Oklahoma has a ban on tobacco products for public and private school buildings and vehicles. After conducting an interim study this fall, state Sen. J.J. Dossett has filed legislation for the upcoming session that would extend that ban to vaping.
“If you look at the studies coming out from the Federal Drug Administration (FDA) and the U.S. Surgeon General’s office, there is clear evidence that vaping is harmful to adolescents, Dossett, D-Owasso wrote in a press release yesterday.
“It gets kids addicted to nicotine which can harm their still-developing brains. It’s a fact that nicotine can affect decision making and impulse control. It can change the way synapses are formed, and it impacts attention and learning,” Dossett added. “My bill will close the vaping loophole so these products cannot be used in our schools.”
Dossett said under Senate Bill 33, the Tobacco-Free Schools Act, which bans tobacco products in all forms, the ban would be extended to vapor products, including the noncombustible device as well as the cartridges whether or not they contain nicotine.
In addition to the harm nicotine can cause to children and teens, Dossett said there are other chemicals in the aerosol from e-cigarettes that are also alarming. Diacetyl, which is used in flavoring vaping products, has been linked to an irreversible and serious lung condition called obliterative bronchiolitis. The aerosol also contains other chemicals and heavy metals. Studies are being conducted to determine the impact of these materials on the user and for those exposed to secondhand vapors.
“When we had our interim study on vaping, I heard from educators, administrators and parents who were very concerned about how pervasive it’s become on school property,” Dossett said. “Kids think it’s safe for them to use, but that is simply not true. With all these serious health concerns, it just makes sense to extend the school tobacco ban to vaping.”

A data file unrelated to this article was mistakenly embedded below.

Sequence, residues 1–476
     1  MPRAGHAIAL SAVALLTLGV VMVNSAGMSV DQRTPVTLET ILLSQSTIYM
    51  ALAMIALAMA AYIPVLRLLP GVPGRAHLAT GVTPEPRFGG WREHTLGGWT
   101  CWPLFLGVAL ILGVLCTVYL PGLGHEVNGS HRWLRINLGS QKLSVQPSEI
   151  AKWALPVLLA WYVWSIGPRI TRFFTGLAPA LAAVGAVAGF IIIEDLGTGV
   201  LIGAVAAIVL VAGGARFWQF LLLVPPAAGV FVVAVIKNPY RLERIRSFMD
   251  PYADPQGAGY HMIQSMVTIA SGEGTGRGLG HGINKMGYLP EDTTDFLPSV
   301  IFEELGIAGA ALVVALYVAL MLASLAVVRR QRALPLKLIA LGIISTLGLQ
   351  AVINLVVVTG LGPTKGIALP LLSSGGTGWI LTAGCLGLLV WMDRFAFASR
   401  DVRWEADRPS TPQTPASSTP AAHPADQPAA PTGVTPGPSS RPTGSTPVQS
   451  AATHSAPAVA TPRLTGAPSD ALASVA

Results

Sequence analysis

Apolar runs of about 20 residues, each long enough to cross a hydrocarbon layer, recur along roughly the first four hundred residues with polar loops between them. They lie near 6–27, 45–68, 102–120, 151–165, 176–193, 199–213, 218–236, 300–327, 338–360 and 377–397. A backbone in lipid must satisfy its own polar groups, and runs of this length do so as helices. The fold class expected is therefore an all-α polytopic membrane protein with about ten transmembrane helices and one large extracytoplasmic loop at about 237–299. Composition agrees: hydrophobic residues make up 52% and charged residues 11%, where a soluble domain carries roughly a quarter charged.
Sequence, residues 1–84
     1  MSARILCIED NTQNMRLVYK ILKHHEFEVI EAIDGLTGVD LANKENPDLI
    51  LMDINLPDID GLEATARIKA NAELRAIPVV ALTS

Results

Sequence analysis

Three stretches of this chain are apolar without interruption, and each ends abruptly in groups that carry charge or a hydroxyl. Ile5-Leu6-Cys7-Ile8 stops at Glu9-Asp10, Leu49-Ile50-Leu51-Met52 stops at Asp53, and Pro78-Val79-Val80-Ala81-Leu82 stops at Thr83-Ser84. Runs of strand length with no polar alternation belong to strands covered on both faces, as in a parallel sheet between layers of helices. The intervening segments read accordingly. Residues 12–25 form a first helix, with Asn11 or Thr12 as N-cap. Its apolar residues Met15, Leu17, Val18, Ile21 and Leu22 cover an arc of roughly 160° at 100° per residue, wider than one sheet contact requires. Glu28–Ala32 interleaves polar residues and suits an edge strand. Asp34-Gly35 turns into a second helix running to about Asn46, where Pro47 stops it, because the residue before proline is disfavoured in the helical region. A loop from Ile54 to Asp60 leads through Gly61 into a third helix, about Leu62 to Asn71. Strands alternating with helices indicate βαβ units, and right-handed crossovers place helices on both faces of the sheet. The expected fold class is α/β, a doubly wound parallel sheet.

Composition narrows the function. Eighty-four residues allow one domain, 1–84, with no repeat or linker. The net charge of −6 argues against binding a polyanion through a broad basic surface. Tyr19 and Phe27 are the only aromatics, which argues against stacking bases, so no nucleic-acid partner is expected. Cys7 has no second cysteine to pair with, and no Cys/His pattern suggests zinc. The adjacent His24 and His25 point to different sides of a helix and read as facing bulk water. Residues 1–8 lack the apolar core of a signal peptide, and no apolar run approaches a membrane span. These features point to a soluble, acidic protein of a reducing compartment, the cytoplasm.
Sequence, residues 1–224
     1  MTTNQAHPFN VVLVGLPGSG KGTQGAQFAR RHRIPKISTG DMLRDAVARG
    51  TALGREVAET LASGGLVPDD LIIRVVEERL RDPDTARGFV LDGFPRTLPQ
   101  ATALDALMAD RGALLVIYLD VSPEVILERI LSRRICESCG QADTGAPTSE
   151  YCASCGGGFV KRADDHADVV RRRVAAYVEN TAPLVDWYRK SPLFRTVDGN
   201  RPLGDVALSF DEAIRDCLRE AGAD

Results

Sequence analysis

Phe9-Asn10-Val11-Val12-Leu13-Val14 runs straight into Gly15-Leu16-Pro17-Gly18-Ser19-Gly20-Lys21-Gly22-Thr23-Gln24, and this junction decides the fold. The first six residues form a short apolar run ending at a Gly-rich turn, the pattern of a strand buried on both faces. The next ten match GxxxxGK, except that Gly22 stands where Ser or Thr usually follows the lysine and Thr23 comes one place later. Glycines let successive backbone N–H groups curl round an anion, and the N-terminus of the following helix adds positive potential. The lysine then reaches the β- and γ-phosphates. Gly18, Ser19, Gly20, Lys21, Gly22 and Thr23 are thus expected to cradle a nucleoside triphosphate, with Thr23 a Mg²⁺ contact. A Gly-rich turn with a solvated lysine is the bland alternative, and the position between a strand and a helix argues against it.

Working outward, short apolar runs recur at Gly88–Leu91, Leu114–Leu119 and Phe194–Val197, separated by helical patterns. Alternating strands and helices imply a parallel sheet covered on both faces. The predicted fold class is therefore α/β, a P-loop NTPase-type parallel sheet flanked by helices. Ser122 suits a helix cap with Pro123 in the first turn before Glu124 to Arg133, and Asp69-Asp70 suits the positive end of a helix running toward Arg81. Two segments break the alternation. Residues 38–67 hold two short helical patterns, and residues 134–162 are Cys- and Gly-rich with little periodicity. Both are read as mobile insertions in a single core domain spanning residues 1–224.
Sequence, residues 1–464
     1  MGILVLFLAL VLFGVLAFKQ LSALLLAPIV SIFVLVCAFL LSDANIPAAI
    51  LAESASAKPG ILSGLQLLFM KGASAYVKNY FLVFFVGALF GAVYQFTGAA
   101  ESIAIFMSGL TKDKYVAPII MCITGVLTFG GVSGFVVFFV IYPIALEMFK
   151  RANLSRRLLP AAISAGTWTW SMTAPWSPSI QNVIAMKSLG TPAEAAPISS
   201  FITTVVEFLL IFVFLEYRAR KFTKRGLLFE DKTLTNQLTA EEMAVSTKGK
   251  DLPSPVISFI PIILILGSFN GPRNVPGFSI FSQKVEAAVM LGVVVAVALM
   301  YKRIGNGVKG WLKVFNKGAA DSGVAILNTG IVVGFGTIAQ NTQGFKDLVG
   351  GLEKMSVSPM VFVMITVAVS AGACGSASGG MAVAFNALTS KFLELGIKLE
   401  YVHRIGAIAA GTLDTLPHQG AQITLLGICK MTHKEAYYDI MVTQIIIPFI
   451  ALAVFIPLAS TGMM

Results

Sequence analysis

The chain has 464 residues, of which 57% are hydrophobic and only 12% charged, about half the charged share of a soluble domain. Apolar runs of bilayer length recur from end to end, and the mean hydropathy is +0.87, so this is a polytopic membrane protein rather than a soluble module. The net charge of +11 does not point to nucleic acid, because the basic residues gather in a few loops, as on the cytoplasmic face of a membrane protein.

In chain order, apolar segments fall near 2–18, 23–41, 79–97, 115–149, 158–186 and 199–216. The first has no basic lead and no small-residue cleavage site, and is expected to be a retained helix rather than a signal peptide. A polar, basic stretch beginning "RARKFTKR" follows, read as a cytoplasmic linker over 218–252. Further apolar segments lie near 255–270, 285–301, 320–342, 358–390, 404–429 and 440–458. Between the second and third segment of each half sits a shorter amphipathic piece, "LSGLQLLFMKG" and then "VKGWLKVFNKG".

Tulsa Today reached out to Sen. Dossett with additional questions:
- Does your bill dictate behavior for nontraditional / adult age students attending college or technical schools in Oklahoma?
- Do you intend to address the risks of excessive screen time on young students? Given recent studies that show screen time permanently changes the brains of the young thus impacting their ability to think, learn and resolve issues; is this not a more pressing issue? (Research links on topic are included below.)
Screen time on kids
Brain scans of adolescents who are heavy users of smartphones, tablets and video games look different from those of less active screen users, preliminary results from an ongoing study funded by the National Institutes of Health show, according to a report on Sunday by “60 Minutes.”
That’s the finding of the first batch of scans of 4,500 nine- to 10-year-olds. Scientists will follow those children and thousands more for a decade to see how childhood experiences, including the use of digital devices, affect their brains, emotional development and mental health.
In the first round of testing, the scans of children who reported daily screen usage of more than seven hours showed premature thinning of the brain cortex, the outermost layer that processes information from the physical world.
Video by Tristan Harris: Your brain is vulnerable to hacking (Excellent explanation).
Editor’s Note: This story will be updated when Sen. J.J. Dossett responds.